Mick McCarthy has the final say on Saipan incident 1 year ago

Mick McCarthy has the final say on Saipan incident

"So, if people want to talk about that, good luck, I won't be answering any more questions about that."

It only took 10 minutes for Mick McCarthy to be asked about Saipan.

In his first press conference as the new Republic of Ireland manager, McCarthy was asked about the infamous incident that took place before the 2002 World Cup, during his previous stint as national team manager.

McCarthy and Roy Keane, the team's captain, had a furious bust-up on the eve of the tournament. Keane left the squad and Ireland was divided over the issue.

All these years later, Saipan is still closely associated with both men. In Dublin on Sunday, McCarthy was asked if it was important to "move past" the incident.

"Why? What happened there? My memory’s gone as well the last 16 years," he joked.

The former Ipswich Town manager went on to say that his career, and Keane's career, shouldn't be defined by the incident.

He praised Keane's ability as a footballer and said that he wouldn't be speaking any further on the issue which divided Irish football.

"I honestly believe that both my career and Roy's career shouldn’t be remembered or shouldn't be determined by that.

"Because (we) both had successful playing careers, him an unbelievable one, far better than me. And I've had a pretty successful career as a manager.

"I'd like to be remembered for that, and I think Roy, in Ireland, should be remembered for what a wonderful player he was. And for the fact that when we got to Saipan, he was a big part of that, instrumental.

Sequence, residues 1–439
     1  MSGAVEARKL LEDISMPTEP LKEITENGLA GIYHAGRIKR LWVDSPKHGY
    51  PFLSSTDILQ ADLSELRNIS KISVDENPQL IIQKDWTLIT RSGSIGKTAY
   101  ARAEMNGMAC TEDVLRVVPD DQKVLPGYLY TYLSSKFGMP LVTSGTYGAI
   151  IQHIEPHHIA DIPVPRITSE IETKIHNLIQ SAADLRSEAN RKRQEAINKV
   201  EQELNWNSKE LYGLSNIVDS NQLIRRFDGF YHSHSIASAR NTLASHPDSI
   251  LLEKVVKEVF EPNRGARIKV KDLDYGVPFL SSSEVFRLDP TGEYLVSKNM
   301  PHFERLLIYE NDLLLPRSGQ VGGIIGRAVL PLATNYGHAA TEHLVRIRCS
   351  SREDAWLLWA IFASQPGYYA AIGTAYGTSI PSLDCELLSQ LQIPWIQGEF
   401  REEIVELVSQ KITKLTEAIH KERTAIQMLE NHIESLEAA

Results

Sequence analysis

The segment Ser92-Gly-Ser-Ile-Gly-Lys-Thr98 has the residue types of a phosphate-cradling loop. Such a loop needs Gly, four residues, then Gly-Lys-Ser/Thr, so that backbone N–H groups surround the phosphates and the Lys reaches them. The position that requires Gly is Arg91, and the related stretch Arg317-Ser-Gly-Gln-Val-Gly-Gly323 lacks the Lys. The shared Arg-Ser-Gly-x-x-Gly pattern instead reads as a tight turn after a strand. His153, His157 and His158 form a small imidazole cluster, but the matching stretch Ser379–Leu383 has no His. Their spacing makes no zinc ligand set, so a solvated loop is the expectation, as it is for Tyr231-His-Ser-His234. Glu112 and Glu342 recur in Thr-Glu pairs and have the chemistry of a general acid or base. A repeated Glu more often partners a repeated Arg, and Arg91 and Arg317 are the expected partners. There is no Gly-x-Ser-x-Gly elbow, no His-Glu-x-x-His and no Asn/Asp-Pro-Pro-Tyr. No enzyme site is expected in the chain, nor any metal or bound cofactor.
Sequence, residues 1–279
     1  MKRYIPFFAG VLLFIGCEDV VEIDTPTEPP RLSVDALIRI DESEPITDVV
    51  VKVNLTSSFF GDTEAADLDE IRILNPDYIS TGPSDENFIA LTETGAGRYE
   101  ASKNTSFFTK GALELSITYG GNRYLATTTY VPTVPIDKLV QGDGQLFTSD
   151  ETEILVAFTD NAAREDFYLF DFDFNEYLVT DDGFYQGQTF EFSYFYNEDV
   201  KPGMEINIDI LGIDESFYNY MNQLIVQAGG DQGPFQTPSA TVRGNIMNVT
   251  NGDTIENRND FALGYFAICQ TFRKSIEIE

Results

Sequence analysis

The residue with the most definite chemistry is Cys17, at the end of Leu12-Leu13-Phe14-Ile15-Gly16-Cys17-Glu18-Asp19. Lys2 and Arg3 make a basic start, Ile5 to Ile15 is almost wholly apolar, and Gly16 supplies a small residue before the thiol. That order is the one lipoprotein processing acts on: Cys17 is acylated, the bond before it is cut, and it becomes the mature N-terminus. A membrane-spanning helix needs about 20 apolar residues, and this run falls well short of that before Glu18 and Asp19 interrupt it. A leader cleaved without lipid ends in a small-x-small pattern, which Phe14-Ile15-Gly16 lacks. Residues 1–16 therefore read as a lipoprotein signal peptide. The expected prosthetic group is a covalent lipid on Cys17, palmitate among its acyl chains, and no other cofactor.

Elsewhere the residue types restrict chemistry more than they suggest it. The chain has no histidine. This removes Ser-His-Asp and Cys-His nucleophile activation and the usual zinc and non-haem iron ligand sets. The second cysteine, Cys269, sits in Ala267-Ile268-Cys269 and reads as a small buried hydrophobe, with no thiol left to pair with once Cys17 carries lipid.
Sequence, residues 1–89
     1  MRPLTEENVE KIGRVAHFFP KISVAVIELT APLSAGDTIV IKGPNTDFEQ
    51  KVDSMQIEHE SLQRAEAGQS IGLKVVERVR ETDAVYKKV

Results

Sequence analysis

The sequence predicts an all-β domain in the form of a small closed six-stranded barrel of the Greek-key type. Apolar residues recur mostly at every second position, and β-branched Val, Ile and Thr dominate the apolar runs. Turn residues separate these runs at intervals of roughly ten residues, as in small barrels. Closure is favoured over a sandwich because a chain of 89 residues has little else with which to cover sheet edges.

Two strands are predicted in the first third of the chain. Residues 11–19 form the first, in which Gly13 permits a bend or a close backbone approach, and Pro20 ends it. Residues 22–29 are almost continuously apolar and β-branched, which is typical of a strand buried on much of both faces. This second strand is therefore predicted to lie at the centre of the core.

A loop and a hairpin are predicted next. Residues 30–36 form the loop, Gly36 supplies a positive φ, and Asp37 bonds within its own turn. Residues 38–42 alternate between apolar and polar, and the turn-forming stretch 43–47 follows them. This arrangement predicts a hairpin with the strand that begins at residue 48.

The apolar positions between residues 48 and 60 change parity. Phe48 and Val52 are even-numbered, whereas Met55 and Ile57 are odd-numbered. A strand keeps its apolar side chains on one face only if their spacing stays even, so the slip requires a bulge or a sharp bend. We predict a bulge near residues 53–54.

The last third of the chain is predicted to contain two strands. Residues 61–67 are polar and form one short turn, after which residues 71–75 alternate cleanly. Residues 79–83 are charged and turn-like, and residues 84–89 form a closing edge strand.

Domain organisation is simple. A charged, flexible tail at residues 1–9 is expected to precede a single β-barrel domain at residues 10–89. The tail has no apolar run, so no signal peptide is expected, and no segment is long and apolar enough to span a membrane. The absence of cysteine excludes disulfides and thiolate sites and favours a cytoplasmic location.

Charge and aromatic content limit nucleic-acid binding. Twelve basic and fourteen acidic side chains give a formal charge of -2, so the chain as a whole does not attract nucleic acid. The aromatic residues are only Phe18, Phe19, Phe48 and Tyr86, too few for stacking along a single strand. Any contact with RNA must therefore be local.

"I have the utmost respect for him for that. So, if people want to talk about that, good luck, I won't be answering any more questions about that."

Later in the press conference, McCarthy was asked if he would contact his predecessor Martin O'Neill, and his former assistant Keane, for advice on the Ireland job.

The former Sunderland manager said he wouldn't, and he will make up his own mind on the players at his disposal.

"I might let that sit for a while," he said.

"I'm old enough and wise enough to make my own assessments. I've done it with players in the past when I've been scouting players. I ring somebody up for an opinion and maybe I haven't signed them because of that opinion when maybe I should have done - I've been put off.

"I'll be looking at the games gone past and I'll be watching our opponents as soon as I know who they are. I know he will be, Martin will be feeling a bit raw, so I'll leave him alone.

"You're probably right. I won't be speaking to Roy. "

The draw for the Euro 2020 qualifiers is in Dublin next Sunday, where McCarthy will discover the identity of his first opponents in his second stint as Ireland boss.